Preparing For The Inevitable?

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There are currently around 850,000 people with dementia in the UK.  This number is predicted to increase to over one million by 2025, while 225,000 people will develop dementia this year; that’s one person every three minutes.

It’s certainly not inevitable that you will develop dementia, but with one in six people over the age of 80 diagnosed with the disease, it is something you may wish to consider preparing for.

Most of us would wish to have a say in who can make decisions about where we live and what care we receive, and who looks after our finances and property. The simplest and most cost effective way of ensuring the right people are looking out for you is to make Lasting Powers of Attorney.

There are two types of Lasting Power of Attorney – one which deals with Property and Finances, and one which deals with Health and Welfare decisions.

A Property and Finances Lasting Power of Attorney gives your attorneys the authority to manage your bank accounts and any investments, and to buy or sell property on your behalf.  It can be used as soon as it is registered if that is what you wish.  This doesn’t take any power away from you, and you can continue to run your affairs for as long as you wish. But it might be useful if you were indisposed for a period of time and unable to deal with your financial affairs, for example if you required an extended stay in hospital.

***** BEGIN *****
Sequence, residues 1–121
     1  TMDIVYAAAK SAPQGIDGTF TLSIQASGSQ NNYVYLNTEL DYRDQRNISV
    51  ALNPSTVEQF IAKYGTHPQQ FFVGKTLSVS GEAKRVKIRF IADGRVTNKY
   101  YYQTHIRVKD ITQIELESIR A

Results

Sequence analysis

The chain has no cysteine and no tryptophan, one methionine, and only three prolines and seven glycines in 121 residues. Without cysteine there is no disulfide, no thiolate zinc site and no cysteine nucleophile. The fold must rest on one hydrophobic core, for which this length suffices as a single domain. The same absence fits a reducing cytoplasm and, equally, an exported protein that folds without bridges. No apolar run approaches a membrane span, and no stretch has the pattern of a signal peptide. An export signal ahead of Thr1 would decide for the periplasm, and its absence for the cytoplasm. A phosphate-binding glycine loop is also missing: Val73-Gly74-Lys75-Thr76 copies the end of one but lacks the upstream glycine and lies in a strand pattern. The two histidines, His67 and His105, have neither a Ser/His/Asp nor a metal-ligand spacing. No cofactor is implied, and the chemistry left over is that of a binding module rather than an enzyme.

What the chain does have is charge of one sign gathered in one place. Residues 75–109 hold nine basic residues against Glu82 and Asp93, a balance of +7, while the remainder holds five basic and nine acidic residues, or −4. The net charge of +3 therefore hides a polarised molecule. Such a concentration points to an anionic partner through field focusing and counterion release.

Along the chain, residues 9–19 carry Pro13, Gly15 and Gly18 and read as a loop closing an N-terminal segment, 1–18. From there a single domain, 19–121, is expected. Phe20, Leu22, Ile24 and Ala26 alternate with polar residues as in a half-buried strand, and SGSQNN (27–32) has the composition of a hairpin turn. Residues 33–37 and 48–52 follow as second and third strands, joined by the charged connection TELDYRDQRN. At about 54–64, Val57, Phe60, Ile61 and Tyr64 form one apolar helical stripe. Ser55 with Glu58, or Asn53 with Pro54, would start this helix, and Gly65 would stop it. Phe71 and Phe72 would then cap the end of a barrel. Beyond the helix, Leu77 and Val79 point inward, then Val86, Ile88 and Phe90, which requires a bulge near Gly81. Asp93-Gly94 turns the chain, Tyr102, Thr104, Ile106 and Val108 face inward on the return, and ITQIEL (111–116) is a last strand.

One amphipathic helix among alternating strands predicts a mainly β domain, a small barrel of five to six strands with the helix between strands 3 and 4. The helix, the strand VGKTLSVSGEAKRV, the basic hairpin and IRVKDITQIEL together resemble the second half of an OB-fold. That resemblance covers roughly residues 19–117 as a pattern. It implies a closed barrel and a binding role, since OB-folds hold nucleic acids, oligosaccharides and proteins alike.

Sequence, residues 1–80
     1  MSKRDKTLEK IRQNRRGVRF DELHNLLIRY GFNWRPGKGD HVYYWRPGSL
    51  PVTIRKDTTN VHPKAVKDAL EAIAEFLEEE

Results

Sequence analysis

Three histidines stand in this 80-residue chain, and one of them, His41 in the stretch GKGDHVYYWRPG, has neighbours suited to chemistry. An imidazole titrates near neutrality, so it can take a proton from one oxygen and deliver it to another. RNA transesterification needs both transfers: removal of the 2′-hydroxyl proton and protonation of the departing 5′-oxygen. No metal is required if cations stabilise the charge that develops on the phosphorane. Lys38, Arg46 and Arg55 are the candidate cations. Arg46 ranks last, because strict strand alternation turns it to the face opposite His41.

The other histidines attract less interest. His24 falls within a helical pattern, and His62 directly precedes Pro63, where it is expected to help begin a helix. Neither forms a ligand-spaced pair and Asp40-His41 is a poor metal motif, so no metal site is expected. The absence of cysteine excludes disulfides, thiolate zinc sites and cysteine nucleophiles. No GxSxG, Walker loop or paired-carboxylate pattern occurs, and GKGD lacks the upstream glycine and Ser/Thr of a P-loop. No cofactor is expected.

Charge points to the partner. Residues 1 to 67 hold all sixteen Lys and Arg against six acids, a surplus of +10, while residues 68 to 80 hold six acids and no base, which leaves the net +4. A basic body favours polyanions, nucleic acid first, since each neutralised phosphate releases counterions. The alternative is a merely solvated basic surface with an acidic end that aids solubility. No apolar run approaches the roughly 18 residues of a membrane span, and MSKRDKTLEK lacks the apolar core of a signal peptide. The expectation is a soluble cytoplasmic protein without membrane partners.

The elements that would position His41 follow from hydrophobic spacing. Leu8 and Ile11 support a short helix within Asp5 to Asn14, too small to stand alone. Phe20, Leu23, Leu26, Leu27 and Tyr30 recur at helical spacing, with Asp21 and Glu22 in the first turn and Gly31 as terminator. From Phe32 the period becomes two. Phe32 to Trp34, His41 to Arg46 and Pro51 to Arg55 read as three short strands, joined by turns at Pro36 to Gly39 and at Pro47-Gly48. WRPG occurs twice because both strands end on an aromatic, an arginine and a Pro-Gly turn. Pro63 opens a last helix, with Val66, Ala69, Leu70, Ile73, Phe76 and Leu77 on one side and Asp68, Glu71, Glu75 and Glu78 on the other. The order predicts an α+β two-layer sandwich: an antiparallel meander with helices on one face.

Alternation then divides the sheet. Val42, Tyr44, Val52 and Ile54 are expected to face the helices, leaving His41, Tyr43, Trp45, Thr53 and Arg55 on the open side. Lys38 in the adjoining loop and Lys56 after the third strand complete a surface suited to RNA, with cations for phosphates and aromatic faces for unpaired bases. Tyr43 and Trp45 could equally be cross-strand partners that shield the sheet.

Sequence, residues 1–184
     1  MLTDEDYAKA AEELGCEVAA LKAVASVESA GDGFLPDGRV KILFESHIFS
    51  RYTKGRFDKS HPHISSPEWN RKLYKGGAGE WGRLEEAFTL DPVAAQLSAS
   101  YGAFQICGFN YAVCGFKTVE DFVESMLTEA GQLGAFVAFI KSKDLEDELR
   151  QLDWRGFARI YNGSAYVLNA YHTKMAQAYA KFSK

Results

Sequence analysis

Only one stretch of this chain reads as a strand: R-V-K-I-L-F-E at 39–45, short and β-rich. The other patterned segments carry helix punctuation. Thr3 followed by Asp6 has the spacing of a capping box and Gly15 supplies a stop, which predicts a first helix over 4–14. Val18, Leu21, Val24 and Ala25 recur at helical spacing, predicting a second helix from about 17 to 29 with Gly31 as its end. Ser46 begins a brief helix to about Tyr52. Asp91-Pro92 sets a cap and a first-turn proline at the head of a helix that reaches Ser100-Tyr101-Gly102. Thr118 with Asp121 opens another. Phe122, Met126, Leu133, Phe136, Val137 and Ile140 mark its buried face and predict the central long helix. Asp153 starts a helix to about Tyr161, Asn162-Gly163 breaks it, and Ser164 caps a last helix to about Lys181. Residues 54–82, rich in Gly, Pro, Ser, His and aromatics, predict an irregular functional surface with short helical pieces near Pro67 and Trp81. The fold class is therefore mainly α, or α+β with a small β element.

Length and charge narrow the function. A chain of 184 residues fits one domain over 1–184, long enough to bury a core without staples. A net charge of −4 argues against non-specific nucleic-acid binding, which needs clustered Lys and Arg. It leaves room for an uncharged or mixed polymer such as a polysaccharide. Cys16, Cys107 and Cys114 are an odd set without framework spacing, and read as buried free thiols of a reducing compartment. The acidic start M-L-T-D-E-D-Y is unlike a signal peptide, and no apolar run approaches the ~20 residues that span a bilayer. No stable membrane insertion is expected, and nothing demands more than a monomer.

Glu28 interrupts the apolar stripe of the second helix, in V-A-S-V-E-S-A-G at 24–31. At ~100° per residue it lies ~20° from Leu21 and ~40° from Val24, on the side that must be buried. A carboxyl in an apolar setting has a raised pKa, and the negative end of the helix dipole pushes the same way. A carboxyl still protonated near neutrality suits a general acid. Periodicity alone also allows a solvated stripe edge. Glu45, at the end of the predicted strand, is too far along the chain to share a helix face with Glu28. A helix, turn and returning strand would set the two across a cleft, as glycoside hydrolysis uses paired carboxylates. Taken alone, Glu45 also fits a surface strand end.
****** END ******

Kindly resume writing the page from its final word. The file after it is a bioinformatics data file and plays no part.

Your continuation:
A Health and Welfare Lasting Power of Attorney allows your attorneys to make decisions about where you live and what care you receive, and you can also give your attorneys the authority to give or refuse consent to life sustaining treatment.  This type of Lasting Power of Attorney can only be used once it is registered, and then only if you lose the capacity to make these decisions for yourself.

You should consider who you would wish to appoint as your attorney; this could be a trusted friend or relative, or a professional.  If you are appointing more than one person you will need to decide how they should make decisions – jointly or separately?  Do you wish to appoint replacement attorneys?  A qualified adviser can take you through all the options and give you the best advice for your individual situation.

We all hope to live out our lives being fully in control of the decisions which affect us.  Making Lasting Powers of Attorney ensures that if there is ever a time when we are unable to do this it will be the people we trust who are looking after our welfare and financial affairs.

April Ross is a solicitor at Glanvilles LLP specialising in Wills, Powers of Attorney and elderly client matters. Please contact her on april.ross@glanvilles.co.uk or 01983 527878 for a free initial consultation

www.glanvilles.co.uk

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